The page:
How often do you find yourself wishing you had written down a website you looked at, or an item you saw that you wanted to purchase? Anything found digitally that you wish to remember is as easy as popping it right into your Evernote account. The information is indexed, and available for searching whenever you need it. Read the rest of this entry »



Adjusting from High School Academic Expectations to College

Most incoming college students are in for a shock when they first enter a college classroom—even if they did well academically in high school. The set of expectations are quite different, and it takes some time to get used to the changes. Here are the changes you can expect.

First and foremost, you are responsible for your own education. College instructors will be more than happy to answer questions and help you if you stop by their office hours. But they’re not. It’s up to you to:

    • Read the syllabus and know when your deadlines are. In high school, you may have had daily reminders about what to read for the next class period, or that a paper is due next week. Not so in college.This information is all on the syllabus, and you’re responsible for keeping track of it.
    • Take good notes. Although the instructor might use PowerPoint or give you some kind of outline to help you organize your notes, don’t count on it. You need to pay attention and get it all down.
    • Figure out what’s going to be on the test. Yes, you might get study sheets and some information from the instructor about what to study. However, in a college classroom, anything you read or hear about in class in fair game for the test.
    • Get help if you need it. Help is available, but you have to ask for it.

Second, one big change from high school is the amount of time you’re expected to spend studying. Instructors generally expect 2 to 3 hours of time outside of class for every credit hour you spend in class. That means if you’re taking 15 credits, you’re expected to spend 30 to 45 hours outside of class studying every week. Sound like a lot? Not if you want to do well.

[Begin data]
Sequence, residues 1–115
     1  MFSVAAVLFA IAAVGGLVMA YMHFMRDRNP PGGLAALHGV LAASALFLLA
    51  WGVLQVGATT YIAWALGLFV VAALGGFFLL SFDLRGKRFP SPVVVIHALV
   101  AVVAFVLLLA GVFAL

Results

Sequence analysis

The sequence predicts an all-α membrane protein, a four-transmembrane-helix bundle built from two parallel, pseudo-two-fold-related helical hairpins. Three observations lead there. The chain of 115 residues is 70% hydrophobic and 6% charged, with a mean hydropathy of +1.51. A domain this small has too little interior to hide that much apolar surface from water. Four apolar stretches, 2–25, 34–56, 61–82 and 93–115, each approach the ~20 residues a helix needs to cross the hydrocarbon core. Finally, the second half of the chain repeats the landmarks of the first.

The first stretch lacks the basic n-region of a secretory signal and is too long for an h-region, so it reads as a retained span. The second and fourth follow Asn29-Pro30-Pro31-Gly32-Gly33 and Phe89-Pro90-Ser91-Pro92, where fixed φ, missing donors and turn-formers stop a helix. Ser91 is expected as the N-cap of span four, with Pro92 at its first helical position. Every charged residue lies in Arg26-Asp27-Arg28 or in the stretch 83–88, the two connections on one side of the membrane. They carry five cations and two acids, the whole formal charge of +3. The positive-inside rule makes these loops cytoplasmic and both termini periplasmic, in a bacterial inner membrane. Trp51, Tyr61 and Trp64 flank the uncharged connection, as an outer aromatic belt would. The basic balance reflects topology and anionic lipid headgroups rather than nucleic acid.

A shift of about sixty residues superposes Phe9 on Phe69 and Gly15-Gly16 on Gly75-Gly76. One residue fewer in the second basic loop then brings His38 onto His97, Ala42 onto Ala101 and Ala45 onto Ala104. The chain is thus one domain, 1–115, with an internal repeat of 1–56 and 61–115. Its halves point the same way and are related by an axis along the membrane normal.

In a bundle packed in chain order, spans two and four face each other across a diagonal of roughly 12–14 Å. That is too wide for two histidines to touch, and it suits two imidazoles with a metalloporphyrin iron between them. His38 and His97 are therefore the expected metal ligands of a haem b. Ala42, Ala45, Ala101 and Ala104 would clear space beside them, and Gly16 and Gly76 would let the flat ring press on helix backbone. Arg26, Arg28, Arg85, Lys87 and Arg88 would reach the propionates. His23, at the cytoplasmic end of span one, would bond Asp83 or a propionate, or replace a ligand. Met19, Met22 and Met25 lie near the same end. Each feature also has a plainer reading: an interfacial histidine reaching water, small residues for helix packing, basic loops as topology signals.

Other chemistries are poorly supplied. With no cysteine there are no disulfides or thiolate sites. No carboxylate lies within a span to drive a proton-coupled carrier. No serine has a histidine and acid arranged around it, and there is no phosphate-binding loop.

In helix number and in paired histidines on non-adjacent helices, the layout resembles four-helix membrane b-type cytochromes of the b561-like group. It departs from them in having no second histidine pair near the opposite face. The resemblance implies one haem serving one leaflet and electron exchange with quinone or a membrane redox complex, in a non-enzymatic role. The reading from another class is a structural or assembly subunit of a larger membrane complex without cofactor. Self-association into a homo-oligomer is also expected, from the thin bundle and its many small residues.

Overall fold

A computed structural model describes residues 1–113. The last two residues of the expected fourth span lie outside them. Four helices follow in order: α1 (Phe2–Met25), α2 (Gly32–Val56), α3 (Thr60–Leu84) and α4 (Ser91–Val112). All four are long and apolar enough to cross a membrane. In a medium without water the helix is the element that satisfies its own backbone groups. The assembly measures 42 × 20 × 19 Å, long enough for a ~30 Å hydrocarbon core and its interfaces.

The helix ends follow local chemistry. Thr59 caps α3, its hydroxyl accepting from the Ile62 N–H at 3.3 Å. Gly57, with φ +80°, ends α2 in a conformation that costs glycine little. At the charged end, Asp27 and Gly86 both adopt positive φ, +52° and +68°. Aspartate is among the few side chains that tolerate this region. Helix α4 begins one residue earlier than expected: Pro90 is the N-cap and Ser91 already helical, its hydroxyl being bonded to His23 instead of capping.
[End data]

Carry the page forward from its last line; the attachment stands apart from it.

Another big change is the difficult level of the reading. Your reading assignments will be longer and more difficult—and you’ll be expected to complete them.

Finally, a big change is your schedule itself. Although you’ll probably have an academic adviser to help you out, no one is going to tell you exactly what you need to take. You get to choose your major, choose your electives, and figure out which classes you need to fulfill the requirements for the school and the major. If you forget to take a class that’s required for graduation, you won’t graduate–end of story. Again, academic advising can help you—but you have to seek this out. It’s rarely required for students to meet with their academic advisors, so take advantage of the help that’s available.

If this sounds overwhelming, it is—but it does get easier if you’re willing to put in the work. Come to college expecting to be a little overwhelmed, and know that you’re not alone.